From the NYT Magazine of the 18th, in a “Who’s Who” section on “Obama’s People”, a brief identification of Nancy Pelosi (p. 110):
(1) NANCY PELOSI, 68, grew up in Baltimore, where her father and brother were mayor.
This struck me as a bit off, because of the plural subject (her father and brother) and plural verb (were), but singular predicative (mayor). Normally, these three constituents agree in number (though there are constructions where non-agreement is possible, as in “The problem is rats”):
Her father and brother were politicians/*(a) politician.
Shifting the predicative to plural in (1) is possible, but (to my ear) still not entirely satisfactory:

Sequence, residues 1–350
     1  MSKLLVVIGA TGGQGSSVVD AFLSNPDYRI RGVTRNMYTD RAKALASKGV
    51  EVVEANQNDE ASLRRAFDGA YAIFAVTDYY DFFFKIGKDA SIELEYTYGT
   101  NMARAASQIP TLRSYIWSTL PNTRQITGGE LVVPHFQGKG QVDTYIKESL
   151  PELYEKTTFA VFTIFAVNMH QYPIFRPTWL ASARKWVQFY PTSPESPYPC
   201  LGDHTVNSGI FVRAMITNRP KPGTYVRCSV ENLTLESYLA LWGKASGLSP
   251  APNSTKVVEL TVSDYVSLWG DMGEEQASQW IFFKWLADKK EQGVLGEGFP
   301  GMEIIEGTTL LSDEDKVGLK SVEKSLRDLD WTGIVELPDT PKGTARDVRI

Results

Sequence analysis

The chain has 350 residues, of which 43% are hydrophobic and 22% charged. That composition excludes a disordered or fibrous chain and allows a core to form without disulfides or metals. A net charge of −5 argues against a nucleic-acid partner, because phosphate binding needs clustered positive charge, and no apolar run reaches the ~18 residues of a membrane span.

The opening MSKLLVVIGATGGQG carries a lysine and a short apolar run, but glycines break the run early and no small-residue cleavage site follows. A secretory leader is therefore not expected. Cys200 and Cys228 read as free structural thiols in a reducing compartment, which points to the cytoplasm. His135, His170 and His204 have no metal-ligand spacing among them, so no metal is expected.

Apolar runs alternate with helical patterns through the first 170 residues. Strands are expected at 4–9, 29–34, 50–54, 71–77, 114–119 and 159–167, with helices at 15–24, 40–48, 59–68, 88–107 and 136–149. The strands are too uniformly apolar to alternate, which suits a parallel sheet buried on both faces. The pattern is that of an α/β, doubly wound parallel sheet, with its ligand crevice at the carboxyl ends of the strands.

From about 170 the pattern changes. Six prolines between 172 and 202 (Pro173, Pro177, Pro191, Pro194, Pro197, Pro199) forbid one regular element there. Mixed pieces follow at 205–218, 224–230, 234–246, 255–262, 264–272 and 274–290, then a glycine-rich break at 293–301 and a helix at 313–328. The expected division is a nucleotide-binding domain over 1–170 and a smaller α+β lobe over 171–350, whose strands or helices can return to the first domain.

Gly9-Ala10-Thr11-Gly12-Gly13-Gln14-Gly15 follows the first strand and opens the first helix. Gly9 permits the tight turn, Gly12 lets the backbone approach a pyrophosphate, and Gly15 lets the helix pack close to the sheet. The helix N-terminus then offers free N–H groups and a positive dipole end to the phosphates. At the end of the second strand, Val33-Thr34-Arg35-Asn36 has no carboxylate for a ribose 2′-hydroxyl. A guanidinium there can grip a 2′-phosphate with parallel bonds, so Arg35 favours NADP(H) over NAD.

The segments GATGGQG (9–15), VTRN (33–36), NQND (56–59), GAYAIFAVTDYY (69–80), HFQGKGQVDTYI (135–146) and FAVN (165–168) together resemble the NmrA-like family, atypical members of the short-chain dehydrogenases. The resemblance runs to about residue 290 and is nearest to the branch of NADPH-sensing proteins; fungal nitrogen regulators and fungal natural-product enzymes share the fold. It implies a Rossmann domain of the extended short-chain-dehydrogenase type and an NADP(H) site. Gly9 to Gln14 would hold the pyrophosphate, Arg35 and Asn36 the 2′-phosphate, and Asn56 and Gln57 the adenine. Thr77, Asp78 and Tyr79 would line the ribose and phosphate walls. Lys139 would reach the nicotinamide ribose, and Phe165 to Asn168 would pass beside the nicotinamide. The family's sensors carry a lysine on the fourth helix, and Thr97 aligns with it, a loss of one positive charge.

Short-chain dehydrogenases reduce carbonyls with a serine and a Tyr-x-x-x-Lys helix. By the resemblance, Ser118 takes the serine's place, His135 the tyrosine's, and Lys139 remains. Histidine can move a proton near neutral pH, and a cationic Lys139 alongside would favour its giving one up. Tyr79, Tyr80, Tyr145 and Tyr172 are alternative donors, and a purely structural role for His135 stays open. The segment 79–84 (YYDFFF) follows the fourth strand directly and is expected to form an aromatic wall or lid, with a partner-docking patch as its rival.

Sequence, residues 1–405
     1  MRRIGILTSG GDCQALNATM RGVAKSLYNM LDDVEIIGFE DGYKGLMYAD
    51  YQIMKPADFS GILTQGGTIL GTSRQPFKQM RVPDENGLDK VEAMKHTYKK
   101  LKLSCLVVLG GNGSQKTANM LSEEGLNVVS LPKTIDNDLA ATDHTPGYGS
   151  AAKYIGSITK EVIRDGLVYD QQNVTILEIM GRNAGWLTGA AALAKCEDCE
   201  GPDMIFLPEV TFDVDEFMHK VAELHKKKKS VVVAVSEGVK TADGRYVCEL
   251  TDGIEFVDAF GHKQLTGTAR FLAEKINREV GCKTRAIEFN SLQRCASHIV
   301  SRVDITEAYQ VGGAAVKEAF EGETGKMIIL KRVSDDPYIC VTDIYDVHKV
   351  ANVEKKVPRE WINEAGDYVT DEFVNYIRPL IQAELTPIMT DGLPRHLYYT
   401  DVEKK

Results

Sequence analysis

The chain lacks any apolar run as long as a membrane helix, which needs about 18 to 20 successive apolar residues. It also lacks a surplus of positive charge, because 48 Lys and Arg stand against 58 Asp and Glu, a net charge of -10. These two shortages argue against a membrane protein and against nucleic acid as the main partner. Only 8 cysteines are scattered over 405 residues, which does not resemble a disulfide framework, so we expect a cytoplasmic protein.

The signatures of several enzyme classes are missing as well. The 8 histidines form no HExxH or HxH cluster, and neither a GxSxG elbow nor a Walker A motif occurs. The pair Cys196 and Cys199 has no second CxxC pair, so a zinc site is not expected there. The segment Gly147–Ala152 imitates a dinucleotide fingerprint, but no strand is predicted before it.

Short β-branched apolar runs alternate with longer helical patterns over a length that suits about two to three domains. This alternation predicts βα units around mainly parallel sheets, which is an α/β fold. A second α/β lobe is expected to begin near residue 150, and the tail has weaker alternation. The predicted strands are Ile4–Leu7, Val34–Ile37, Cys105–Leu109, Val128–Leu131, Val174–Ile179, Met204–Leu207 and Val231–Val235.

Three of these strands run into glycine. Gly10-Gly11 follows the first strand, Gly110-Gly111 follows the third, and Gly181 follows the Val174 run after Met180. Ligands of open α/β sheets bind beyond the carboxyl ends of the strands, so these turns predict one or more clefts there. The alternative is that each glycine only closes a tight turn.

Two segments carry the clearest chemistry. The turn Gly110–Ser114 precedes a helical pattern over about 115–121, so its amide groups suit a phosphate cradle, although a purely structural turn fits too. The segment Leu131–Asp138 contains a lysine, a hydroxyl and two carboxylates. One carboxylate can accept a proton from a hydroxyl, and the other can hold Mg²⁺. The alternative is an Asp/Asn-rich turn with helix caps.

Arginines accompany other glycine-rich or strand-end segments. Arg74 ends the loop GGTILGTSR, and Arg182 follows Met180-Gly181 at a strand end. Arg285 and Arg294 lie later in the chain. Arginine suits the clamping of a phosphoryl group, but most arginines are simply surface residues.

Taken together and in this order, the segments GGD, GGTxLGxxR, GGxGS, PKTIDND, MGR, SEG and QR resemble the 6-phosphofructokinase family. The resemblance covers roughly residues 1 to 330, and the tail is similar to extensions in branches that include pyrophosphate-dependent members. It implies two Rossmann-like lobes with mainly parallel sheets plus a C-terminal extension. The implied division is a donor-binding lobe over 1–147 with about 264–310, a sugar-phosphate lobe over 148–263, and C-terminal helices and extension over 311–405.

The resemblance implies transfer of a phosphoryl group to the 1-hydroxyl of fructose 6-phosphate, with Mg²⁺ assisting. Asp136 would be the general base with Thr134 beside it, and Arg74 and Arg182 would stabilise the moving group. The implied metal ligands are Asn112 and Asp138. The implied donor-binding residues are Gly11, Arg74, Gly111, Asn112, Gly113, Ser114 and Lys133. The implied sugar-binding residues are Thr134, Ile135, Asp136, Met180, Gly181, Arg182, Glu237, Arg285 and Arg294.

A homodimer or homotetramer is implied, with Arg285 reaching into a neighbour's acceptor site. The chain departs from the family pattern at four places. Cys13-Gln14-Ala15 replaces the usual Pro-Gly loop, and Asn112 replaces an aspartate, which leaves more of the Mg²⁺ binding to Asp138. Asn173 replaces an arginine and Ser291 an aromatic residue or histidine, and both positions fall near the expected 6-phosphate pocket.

(2) NANCY PELOSI, 68, grew up in Baltimore, where her father and brother were mayors.
What’s going on here is that mayor in (1) is a singular count noun, used (exceptionally) without a determiner, to denote a “unique role” (which is why the shift to the plural in (2) alters the sense of the example). Nevertheless, (1) takes a little work to understand, since the reader has to work it out that these two people filled this unique role at different times.